The University of Georgia plays its home football games at Sanford Stadium on a field referred to as “Between the Hedges” because of the shrubbery that surrounds it.
Berkeley quarterback Darius Douglas has his own version of “between the hedges” and has used the shrubbery in his own yard to perfect his throwing skills.
Douglas can often be seen throwing footballs in his front yard. But with no receivers to throw to, Douglas has learned to adapt. He works on his footwork and accuracy by maneuvering through a row of hedges, as if they were defenders, before delivering pass after pass towards a stand-alone tree. Hitting the tree translates into a completion. And, with only one football, Douglas has to retrieve every throw, walk back into position, and then repeat the process.
“I’ve been doing it forever,” Douglas said. “When I was younger and my brother would be at practice, I would just go out there by myself and practice throwing. I guess I knew back then that I wanted to be a quarterback. It really does help me a lot. I do it all during the offseason and in the summer.”
Douglas, a 6-1, 170-pound junior, is in his first season as the starting quarterback at Berkeley. Head coach Jeff Cruce identified his young prospect’s skills early and totally revamped Berkeley’s offense for the 2015 season. The Stags operate out of a spread, no-huddle offense that seems to suit Douglas’ skills as a passer and runner.
“We decided to go to this offense because of Darius and his skill set,” Cruce said this week. “He’s very athletic and he’s a very good passer. He’s also a really smart kid and we knew he could handle this.”
Heading into Friday night’s game against Orangeburg-Wilkinson, Douglas has passed for more than 1,600 yards while adding more than 500 yards on the ground. He has accounted for 21 touchdowns.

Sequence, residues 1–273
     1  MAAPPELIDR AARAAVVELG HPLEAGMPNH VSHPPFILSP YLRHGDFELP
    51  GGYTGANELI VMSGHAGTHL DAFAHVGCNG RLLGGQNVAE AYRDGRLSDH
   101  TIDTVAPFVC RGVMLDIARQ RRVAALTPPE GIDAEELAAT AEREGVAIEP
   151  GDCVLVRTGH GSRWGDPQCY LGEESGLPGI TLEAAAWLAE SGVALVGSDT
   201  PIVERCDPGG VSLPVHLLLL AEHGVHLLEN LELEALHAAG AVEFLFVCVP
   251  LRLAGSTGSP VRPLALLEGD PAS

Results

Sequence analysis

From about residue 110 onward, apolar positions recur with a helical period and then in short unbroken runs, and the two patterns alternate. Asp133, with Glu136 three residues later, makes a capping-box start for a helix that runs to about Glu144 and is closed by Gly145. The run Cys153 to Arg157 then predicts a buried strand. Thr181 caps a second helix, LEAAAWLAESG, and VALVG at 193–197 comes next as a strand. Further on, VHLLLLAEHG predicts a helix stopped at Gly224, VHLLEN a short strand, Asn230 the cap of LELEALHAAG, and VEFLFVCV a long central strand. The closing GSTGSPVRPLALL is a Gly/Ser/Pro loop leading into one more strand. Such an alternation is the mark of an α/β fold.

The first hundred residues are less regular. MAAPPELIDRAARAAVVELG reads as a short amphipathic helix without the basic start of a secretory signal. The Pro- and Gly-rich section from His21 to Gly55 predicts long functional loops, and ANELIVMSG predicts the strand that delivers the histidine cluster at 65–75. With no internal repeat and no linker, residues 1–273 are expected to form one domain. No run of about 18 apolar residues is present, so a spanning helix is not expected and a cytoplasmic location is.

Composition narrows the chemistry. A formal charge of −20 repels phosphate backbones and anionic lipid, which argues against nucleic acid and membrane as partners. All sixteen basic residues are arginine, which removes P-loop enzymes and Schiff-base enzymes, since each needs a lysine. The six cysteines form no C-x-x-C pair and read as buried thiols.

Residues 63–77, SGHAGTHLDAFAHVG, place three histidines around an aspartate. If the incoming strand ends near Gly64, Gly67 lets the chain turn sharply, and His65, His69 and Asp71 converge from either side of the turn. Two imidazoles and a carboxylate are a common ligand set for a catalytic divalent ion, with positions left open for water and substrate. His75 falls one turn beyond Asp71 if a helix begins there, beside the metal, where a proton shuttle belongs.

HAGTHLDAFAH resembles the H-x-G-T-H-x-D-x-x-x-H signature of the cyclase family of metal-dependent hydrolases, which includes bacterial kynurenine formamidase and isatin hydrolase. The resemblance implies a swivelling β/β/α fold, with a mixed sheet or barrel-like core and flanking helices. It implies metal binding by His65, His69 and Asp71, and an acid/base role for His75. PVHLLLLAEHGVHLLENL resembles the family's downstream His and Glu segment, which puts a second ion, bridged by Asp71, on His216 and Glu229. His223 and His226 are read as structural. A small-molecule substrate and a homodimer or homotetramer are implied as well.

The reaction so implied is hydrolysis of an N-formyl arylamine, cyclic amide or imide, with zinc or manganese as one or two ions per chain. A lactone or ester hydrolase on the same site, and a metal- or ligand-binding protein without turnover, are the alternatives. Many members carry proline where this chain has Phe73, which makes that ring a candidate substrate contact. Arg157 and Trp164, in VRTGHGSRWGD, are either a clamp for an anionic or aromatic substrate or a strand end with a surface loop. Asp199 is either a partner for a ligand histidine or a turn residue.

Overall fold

As he gets more comfortable with the offense, Douglas produces even more. He says the pace of the offense is not a problem for him. The mental aspects of the position and execution is more difficult.
“It definitely requires me to stay really focused and to know what to do,” Douglas said. “I love our offense. I have to be quick in my thinking, but it’s not as hard as it looks. Coach trusts me enough to run it so I feel like I have to work extra hard to be ready on every play. He always tells me to manage the chaos. That’s my job.”
Berkeley is off to a 2-4 start, but the offense is averaging nearly 40 points per game. Most of the struggles have been on the defensive side of the ball. In a 73-52 loss to Hilton Head on Monday night, Berkeley rolled up 603 yards in total offense. Douglas accounted for more than 350 yards.
Douglas is hoping to develop into a college prospect and is constantly working on little things to improve his overall game.
“I always work on my touch and staying comfortable in the pocket,” he said. “I know I have the potential, but I also know I have to keep working on the little things to be the type of player I want to be.”
Sounds like those hedges will be getting plenty of work over the next year.